Veterans’ Administration Performance Measures Gone Haywire: A City Manager’s Take on the VA Scandal

Veterans’ Administration Performance Measures Gone Haywire: A City Manager’s Take on the VA Scandal


By Gary Rawlings

I just finished reading Richard E. Mallory’s post, “The Tools We Need to Measure Quality in Government.” He states, “Without auditable standards, quality in government cannot be measured.”

I also happened to have just finished Innovative State – How New Technologies Can Transform Government by Aneesh Chopra. It was interesting, especially for me (an amateur history buff) with its references to the history of certain programs that have adapted to innovation.

Many pages were devoted to innovations made at the Veterans’ Administration (VA) since the founding of our country. Processing time for Post 9/11 GI Bill claims is one example cited in the book where the author was part of the fix. It’s not Mr. Chopra’s fault, but, of course, many of the innovations made by the VA now pale in the wake of the scheduling scandal and the manipulation of records that occurred and cost General Eric Shinseki his job.

So how does the VA scandal tie into the tools we need to measure quality in government or how new techniques can transform government at the local level? None of the tools or techniques for improvement means anything without human integrity. Somehow, the organizational culture at the VA went haywire, and bonuses became more important than the delivery of service.

Measuring work performance dates back to Fredrick Taylor and his theory of scientific management. Remember the Hawthorne Experiments? Workers’ productivity increased no matter what stimuli was used, because the workers were responding to the attention given to them by the researchers. I can relate to that on a personal level, because my father was a time-study technician at a local manufacturing plant in Connecticut. Maybe that’s where my interest in performance measures got its basis.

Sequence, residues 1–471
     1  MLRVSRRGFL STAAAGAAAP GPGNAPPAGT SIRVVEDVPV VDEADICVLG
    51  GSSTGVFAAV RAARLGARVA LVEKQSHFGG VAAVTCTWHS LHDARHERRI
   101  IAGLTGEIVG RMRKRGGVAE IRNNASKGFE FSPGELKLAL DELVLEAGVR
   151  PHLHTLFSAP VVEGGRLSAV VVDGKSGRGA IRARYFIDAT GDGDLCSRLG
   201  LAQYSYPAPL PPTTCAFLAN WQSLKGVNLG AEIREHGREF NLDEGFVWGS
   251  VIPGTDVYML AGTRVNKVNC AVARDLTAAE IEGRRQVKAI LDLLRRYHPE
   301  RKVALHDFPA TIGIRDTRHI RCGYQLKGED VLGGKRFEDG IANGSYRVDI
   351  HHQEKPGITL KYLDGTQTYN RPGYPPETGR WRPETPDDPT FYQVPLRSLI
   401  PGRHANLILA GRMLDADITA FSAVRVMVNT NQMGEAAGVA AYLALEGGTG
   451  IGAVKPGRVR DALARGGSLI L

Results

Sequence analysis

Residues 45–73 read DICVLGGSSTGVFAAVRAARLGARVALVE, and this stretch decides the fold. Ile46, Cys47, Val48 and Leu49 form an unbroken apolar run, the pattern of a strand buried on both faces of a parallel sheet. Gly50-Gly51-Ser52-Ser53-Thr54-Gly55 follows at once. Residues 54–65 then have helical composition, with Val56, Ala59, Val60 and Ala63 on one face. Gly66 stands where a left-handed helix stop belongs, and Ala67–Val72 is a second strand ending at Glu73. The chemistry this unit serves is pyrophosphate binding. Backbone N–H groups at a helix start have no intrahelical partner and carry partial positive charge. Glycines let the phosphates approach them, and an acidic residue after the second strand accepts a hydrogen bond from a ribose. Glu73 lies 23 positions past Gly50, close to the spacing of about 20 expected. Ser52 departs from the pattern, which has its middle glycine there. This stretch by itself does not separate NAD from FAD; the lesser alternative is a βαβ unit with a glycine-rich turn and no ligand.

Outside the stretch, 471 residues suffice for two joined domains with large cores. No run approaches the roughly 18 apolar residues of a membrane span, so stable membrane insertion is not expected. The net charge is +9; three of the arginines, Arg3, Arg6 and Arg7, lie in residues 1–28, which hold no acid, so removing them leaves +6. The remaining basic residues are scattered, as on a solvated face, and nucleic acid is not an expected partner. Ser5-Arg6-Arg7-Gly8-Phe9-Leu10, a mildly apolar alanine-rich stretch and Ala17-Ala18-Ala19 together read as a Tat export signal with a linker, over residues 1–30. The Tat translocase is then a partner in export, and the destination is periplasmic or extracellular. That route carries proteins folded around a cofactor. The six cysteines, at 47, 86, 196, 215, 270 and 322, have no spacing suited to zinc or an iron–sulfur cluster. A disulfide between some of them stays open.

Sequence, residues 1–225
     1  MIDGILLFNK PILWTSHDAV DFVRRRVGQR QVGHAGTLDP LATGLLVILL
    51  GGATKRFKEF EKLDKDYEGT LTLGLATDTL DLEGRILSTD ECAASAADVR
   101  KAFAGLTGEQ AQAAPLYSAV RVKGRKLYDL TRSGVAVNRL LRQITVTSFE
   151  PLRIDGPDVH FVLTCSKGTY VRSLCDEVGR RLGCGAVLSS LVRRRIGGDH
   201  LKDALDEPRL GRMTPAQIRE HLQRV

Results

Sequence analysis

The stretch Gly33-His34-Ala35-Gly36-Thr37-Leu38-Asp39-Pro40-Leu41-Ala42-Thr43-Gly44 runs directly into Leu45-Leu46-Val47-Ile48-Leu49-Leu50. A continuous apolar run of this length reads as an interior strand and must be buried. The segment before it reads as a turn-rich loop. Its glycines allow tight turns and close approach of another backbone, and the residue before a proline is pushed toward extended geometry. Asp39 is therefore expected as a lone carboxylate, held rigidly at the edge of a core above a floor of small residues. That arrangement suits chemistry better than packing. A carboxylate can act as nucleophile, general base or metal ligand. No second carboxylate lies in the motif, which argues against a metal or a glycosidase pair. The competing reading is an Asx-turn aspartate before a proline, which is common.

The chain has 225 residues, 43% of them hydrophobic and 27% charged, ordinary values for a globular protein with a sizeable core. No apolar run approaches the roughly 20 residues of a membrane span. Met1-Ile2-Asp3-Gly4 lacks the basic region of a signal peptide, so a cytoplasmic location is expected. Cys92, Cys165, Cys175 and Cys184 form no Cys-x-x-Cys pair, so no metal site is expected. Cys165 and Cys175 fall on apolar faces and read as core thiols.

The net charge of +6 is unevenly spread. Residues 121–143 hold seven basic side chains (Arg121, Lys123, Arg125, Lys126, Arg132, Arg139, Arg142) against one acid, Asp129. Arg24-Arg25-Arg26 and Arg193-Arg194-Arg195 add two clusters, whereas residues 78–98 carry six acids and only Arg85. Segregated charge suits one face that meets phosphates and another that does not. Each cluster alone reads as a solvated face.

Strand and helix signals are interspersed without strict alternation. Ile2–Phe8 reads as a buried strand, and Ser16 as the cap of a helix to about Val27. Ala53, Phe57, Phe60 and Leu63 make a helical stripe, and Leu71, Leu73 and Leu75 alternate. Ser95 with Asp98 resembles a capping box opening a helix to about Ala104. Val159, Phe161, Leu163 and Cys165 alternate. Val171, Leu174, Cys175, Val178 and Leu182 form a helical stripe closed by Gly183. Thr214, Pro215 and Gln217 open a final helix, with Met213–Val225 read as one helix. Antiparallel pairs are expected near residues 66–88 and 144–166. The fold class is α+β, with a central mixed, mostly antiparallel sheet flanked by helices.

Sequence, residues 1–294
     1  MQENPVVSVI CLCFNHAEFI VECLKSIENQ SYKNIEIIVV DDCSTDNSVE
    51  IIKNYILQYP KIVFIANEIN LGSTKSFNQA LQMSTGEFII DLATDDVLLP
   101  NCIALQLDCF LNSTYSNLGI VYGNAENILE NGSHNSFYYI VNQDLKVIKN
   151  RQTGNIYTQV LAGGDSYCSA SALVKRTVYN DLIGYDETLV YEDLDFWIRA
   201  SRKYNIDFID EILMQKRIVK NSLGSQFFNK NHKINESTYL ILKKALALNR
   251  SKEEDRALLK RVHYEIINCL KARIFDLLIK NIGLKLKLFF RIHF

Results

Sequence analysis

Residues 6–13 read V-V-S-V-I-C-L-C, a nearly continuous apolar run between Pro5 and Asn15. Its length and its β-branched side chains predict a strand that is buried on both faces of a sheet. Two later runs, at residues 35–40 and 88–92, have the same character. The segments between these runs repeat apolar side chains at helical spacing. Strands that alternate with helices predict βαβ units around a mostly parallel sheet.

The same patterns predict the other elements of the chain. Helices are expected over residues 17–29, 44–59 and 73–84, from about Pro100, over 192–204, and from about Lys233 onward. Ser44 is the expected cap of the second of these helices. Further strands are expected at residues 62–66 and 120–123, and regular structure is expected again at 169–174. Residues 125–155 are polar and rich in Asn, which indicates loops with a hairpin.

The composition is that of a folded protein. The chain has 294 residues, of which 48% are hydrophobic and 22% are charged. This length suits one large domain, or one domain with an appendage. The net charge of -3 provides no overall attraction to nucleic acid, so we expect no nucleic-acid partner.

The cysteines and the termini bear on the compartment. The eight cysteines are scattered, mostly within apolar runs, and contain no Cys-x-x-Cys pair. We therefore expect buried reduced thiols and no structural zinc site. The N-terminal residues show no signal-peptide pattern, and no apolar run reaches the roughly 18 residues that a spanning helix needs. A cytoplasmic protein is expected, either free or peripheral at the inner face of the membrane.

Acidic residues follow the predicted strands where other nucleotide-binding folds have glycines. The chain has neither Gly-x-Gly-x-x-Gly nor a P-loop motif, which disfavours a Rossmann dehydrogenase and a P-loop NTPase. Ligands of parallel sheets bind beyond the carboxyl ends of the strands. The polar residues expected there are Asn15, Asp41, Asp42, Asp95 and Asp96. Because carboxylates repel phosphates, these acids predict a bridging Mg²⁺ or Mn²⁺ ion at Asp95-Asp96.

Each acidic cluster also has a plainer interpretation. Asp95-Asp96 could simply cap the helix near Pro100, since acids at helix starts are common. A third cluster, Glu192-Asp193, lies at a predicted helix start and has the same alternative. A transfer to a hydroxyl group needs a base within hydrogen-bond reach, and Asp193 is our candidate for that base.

Mallory’s blog on auditable standards gets at the heart of the matter. Accountability and transparency are great concepts that have come to the forefront in the last decade. They add credence to performance measures. I labored in state and local government for years without a clear picture of accountability for performance.

Michigan is one state that is trying to take performance measures to the next level. Using “value for money” budgeting allows the Michigan Military and Veterans Affairs Agency (MVAA) to track the performance of each department on a quarterly basis to ensure that tax dollars are being spent wisely. The approach has been used to improve the outreach program. The MVAA has connected with at least 200,000 veterans statewide though its outreach program (according to Lonnie Huhman’s July 22, 2014 article in Hometown Life titled “State Committee Vows to Do Better on Veteran Affairs,” which appears to no longer be online).

There is nothing wrong with rewarding performance, especially as those performance measures become auditable. But we cannot lose sight of the fact that the human element plays a key role in the outcome of performance-based operations. Performance measures on their own will not carry an organization’s need to improve efficiency or effectiveness. Managers need to weave an element of accountability into their leadership by encouraging active participation in the process. In my experience, knowledge-based power works much better than coercive power when accomplishing organizational goals.

The last thing local government needs is a scandal involving performance and pay. One scandal will set back years of progress in developing auditable performance measures. Let’s all be diligent in our use of performance measures and tying them to bonuses. Remember the “Hawthorne Effect,” and make it an integral part of the fine-tuning of performance measures. History does repeat itself. Let’s make sure local government does it in a positive way.

About the Author

Gary Rawlings has more than 30 years of experience in local government as a manager and consultant. He has managed cities ranging in size from a few hundred people to 35,000 people. He holds a Bachelor’s in Business Administration from the University of Notre Dame and a Master’s in Public Administration from the University of Hartford. Gary has authored several articles on public administration and a book entitled Risk Management for Small Cities. He also has completed many organizational and feasibility studies relating to city services, covering such topics as human resources, risk management, feasibility studies, and strategic plans. He has five grown children and 12 grandchildren. He enjoys golf and reading in his spare time.